There are horrible things that happen to animals every day, and awareness helps — and in Marius’ killing, a lot of good should flow from his bloody corpse.

    1. It was hard for me to write about the lions — and insert that image!

      You’re right that the blatant inconsideration some of us have for those who depends on us is just inhuman.

  4. Wanted to reply on the comments of the usefulness of Zoos. I believe they serve two important goals:

    – Education in its broader sense. Cities grow larger with little access to nature for many children (think big European cities). Should children (or even adults) just see / believe what is shown on television? Yes, it is highly imperfect but I am pretty sure we have all been touched by the beauty of some of these animals and gained respect that mother nature is quite formidable.
    Schools organize trips to Zoos and it is a chance for young children to learn and see about the animal kingdom. I bring my children. They feed animals. They get to see things you might simply never see in your life aside from on TV. We can gain respect of natures if we go to the Zoo with the right state of mind.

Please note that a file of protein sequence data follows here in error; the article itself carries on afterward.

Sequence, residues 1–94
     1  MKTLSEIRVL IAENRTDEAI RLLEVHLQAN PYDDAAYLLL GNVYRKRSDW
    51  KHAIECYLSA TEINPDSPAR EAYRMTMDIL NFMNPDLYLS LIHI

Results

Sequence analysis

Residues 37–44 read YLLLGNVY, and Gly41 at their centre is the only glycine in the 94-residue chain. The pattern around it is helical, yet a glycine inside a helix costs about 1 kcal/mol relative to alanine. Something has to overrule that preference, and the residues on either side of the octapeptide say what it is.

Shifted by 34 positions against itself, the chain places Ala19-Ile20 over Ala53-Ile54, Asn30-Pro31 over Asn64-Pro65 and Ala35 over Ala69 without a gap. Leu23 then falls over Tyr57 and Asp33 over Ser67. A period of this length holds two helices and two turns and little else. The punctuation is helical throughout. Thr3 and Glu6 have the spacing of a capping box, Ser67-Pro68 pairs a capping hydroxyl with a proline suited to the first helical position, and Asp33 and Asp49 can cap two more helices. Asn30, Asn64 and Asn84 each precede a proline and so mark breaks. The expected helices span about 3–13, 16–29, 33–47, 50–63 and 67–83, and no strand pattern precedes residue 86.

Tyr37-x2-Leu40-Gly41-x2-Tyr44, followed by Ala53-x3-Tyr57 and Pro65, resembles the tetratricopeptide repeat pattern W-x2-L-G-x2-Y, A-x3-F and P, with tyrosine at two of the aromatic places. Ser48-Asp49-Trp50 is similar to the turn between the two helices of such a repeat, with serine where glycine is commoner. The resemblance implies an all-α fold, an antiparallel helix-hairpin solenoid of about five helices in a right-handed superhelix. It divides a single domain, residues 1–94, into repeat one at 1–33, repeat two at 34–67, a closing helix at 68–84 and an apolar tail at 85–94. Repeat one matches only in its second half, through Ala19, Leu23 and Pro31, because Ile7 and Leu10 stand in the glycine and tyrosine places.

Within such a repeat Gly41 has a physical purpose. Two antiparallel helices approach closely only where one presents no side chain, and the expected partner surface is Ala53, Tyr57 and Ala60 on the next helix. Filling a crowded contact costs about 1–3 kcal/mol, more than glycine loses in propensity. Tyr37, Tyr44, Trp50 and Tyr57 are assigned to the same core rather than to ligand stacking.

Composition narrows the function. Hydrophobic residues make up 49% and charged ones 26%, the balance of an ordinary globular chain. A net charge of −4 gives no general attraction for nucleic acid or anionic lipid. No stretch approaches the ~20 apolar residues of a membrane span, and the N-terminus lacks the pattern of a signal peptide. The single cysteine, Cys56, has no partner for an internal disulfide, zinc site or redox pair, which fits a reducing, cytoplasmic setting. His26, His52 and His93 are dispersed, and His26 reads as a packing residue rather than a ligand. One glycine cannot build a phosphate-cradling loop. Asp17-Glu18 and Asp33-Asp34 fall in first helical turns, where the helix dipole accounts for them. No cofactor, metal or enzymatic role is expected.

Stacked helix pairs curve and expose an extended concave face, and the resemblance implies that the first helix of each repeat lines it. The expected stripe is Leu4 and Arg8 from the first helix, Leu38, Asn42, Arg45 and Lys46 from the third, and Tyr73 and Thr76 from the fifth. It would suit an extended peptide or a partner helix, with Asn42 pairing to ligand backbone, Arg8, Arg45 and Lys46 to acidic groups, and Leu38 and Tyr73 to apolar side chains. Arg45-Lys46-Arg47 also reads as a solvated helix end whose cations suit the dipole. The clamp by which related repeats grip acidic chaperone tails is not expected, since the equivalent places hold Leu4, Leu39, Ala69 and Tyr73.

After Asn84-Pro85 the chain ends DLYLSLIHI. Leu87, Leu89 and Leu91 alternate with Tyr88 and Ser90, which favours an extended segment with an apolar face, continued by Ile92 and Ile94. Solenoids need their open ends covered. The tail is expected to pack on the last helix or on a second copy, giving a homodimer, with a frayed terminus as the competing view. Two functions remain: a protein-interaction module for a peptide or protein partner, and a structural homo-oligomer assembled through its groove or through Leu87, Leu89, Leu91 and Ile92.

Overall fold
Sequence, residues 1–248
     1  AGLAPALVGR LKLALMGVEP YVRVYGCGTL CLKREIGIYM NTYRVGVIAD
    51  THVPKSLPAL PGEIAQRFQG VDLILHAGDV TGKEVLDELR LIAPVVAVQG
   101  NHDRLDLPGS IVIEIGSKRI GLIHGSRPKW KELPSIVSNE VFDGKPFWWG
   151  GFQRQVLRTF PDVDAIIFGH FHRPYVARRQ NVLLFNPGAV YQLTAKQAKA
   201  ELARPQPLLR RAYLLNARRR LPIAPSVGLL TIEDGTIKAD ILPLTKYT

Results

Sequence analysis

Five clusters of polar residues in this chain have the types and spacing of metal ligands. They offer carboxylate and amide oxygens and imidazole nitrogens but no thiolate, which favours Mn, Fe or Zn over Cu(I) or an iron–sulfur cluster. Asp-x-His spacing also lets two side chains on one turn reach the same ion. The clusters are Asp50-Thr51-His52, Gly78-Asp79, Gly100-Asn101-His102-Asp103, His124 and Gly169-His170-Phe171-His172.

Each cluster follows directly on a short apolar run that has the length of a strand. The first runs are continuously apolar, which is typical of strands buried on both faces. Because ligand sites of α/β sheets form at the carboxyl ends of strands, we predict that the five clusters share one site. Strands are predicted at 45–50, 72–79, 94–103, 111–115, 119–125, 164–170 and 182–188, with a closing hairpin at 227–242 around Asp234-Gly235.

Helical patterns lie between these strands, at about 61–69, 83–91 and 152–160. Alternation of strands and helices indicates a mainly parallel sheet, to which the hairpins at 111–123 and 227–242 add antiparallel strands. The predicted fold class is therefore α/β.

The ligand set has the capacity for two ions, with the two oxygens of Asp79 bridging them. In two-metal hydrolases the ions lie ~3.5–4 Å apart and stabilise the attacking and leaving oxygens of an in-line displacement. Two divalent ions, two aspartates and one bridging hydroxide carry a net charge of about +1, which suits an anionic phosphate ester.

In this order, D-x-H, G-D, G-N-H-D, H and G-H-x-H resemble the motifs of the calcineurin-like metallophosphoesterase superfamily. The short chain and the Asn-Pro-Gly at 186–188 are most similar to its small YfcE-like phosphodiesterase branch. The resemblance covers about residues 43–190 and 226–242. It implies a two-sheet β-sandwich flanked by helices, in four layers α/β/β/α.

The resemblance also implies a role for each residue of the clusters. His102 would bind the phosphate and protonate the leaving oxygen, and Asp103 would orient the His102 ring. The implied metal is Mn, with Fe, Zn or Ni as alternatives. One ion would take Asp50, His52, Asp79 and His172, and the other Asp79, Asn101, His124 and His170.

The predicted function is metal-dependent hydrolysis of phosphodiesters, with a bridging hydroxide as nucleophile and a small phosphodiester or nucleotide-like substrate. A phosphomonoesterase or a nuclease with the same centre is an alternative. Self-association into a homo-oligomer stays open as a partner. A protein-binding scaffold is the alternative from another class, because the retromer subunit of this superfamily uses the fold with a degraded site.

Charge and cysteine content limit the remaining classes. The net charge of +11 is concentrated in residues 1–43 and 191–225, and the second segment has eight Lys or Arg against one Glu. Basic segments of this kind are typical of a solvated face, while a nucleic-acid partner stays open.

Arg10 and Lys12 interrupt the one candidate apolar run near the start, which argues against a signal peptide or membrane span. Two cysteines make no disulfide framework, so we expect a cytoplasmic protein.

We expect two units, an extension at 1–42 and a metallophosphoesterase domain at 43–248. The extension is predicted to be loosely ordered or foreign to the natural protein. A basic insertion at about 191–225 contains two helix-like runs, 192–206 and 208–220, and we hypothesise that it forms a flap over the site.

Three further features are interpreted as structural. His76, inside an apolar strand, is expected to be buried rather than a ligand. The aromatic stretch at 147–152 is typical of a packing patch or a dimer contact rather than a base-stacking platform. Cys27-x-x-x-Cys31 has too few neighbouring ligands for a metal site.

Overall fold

– Preservation. Don’t under-estimate the formidable work done across the world to protect and raise awareness of endangered species. Zoos (and aquariums) are where some of the most passionate people about nature and animal protection are working. And yes, they manage resources, DNA pools. This is very clinical but the quality of their work and future of some species rely on it.

    Now on the decision to kill the Giraffe…

    I invite everybody to listen to the interview of the scientific director from the Copenhagen Zoo on NPR (

    Honestly, if his purpose was to make a strong case, he failed.

    I will summarize my opinion: there might be many very valid and rational reasons for their decisions, but they missed the opportunity to remain truthful to their most important pillar: animals protection. They should have continued to look further until they can find a place for this animal.

    1. Here’s is PETA’s take on zoos:

      In general, zoos and wildlife parks preclude or severely restrict natural behavior, such as flying, swimming, running, hunting, climbing, scavenging, foraging, digging, exploring, and selecting a partner. The physical and mental frustrations of captivity often lead to abnormal, neurotic, and even self-destructive behavior, such as incessant pacing, swaying, head-bobbing, bar-biting, and self-mutilation.